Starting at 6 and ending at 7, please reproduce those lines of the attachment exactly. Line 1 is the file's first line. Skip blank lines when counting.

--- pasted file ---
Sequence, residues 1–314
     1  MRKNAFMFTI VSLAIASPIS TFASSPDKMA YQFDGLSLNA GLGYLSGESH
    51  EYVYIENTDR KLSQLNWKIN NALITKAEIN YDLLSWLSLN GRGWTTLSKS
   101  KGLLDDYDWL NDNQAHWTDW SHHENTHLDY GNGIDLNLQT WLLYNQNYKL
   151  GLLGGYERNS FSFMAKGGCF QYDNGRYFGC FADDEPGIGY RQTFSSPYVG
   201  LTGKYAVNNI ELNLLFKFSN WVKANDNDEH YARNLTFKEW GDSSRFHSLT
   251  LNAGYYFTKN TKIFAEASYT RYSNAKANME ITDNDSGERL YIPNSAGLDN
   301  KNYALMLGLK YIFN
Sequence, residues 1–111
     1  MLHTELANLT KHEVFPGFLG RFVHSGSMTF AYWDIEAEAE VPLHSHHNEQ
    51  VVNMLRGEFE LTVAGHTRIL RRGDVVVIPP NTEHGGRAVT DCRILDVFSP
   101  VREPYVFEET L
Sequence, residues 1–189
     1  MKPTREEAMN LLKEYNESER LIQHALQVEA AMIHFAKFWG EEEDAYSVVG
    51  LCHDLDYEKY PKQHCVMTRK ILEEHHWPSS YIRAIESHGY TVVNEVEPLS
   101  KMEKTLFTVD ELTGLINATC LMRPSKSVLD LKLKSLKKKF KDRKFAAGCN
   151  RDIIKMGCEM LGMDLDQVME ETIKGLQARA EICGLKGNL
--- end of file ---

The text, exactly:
   201  LTGKYAVNNI ELNLLFKFSN WVKANDNDEH YARNLTFKEW GDSSRFHSLT
   251  LNAGYYFTKN TKIFAEASYT RYSNAKANME ITDNDSGERL YIPNSAGLDN